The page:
Getting injured on the job can be very traumatic, especially if the injury puts you out of work or leaves you with some permanent disability or weakness as a result. Every employee is protected by law and entitled to receive certain compensation or benefits if they were injured at work, and these benefits should be paid in a timely manner. However, most employees don't fully understand and hence do not exercise these rights provided under their contracts and may cower into silence and compliance. Below are some facts that will empower you to fight for your rights if you've been injured in the workplace.

1. Workers' compensation doesn't depend on proof of fault

Workers' compensation claims can be filed even when the employer isn't directly to blame for your injury – they differ from personal injury claims in this way. Regardless of the party at fault causing the workplace injury, the employer's insurer may compensate the injured party. Therefore, you're still entitled to filing a claim whether the injury was caused by yourself, a colleague, the employer or even another person that doesn't work at the company, provided it occurred in your workplace.

However, there are circumstances that limit or remove liability from your employer. Cases where an employee was knowingly or deliberately negligent and hence caused injury exempt you from receiving compensation: for instance, if you were under the influence of alcohol or a controlled substance impairing your judgement.

2. Compensation may be due for psychological injury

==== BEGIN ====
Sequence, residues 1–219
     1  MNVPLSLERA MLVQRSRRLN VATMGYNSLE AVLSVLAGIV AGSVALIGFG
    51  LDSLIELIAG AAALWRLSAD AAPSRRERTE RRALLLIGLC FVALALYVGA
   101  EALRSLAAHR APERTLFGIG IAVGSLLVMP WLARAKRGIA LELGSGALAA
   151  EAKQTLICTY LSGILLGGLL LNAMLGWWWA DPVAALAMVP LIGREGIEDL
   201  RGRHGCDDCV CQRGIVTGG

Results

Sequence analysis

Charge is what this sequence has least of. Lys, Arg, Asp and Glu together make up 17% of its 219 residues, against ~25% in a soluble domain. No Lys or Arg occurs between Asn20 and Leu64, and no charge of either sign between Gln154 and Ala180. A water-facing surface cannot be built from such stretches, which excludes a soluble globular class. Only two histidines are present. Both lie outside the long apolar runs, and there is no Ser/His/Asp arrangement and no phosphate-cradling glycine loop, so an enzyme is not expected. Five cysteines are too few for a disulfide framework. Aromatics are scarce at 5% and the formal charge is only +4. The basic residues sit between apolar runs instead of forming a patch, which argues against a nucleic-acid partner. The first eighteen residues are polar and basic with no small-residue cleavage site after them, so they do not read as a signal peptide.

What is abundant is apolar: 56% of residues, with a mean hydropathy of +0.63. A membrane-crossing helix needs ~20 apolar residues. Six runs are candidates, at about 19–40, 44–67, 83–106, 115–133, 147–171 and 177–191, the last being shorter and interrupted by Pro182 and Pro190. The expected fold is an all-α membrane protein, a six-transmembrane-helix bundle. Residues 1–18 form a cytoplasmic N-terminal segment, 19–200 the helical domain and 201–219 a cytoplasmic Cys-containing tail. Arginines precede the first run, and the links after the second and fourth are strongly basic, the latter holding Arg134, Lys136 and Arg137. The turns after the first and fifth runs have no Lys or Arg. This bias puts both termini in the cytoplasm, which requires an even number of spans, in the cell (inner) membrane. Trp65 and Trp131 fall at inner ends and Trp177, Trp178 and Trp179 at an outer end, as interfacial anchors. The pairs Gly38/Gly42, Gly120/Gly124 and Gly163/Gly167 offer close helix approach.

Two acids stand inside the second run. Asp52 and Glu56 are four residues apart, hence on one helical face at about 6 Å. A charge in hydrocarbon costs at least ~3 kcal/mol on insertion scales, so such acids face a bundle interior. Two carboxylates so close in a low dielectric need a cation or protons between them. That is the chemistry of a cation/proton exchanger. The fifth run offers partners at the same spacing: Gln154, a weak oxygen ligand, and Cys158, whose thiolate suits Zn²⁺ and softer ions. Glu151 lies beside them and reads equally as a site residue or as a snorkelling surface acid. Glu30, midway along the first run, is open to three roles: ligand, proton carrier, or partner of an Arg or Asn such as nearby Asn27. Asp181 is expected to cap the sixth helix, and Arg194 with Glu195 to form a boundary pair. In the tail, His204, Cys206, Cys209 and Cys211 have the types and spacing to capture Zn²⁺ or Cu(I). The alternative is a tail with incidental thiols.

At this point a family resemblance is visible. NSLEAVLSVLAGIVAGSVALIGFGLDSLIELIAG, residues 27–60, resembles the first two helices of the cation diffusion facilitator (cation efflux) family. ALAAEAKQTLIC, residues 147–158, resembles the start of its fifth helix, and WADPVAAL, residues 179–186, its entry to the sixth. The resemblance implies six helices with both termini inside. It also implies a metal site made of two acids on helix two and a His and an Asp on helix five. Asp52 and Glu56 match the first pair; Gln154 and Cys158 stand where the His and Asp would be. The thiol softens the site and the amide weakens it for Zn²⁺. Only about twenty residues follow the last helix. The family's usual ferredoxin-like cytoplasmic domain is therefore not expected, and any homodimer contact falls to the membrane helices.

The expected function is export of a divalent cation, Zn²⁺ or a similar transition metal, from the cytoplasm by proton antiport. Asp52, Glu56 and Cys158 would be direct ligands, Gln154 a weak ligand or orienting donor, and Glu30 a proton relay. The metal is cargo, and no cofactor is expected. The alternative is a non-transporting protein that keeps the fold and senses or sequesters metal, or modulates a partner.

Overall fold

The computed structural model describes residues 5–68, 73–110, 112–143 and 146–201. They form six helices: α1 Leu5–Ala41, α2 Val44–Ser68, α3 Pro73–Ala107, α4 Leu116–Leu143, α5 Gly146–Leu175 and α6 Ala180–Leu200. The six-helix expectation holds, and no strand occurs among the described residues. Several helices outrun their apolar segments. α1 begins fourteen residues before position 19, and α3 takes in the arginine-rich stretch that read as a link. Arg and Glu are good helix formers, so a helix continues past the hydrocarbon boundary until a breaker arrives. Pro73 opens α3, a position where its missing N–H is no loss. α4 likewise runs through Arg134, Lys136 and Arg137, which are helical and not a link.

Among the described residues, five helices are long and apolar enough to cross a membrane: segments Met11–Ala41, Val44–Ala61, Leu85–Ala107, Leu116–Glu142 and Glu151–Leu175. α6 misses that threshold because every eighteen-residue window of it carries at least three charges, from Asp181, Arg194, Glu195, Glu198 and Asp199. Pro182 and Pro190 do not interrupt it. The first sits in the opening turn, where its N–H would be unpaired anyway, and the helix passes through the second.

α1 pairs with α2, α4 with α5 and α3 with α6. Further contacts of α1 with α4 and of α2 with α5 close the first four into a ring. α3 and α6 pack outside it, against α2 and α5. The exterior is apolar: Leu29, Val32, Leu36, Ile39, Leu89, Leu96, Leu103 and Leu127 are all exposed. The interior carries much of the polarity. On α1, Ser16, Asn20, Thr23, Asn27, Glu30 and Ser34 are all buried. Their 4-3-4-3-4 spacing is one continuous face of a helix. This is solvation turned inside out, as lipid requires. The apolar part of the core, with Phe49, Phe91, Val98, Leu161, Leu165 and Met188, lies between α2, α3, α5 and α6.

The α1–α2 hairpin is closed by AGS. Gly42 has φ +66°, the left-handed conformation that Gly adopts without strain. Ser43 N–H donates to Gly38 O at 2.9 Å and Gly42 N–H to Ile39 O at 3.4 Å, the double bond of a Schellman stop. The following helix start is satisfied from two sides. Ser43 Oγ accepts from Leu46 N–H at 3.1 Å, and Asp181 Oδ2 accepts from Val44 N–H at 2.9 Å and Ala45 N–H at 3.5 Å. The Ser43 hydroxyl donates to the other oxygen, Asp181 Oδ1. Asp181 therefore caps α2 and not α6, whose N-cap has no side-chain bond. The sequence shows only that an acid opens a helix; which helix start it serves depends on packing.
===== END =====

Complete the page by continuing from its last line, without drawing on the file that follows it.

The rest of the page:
Workers' compensation is not only limited to physical injury and diseases that manifest physically; certain mental diseases/symptoms that can be attributed to your work environment may qualify for compensation. The law defines injury or disease to refer to both physical and mental cases. Talking to an experienced compensation lawyer can help to define whether or not your symptoms can be attributed to your job.

However, mental injury is much more difficult to attribute to the work environment, which makes these claims more difficult to pay. For example, most states exclude psychological injury as a result of 'reasonable management action' e.g. disciplinary action or failure to receive appointments, benefits or promotions. In addition, wilful misconduct not resulting in death is not payable, and neither are self-inflicted, intentional injuries or fraudulent representations.

3. Compensation must not only follow a single traumatic event

Accidents in the workplace are the most common cases in workers' compensation, but they are not the only ones. Even if you develop symptoms over time, you may be entitled to seek compensation from the employer. For instance, if you develop back or shoulder problems because you spend long hours bent over handling repetitive tasks, your employer may be liable to compensate you.

Just like psychological injury, some diseases/injuries may be difficult to attribute to your work environment. Getting legal assistance is therefore imperative if you think that your symptoms are the result of the work you do every day.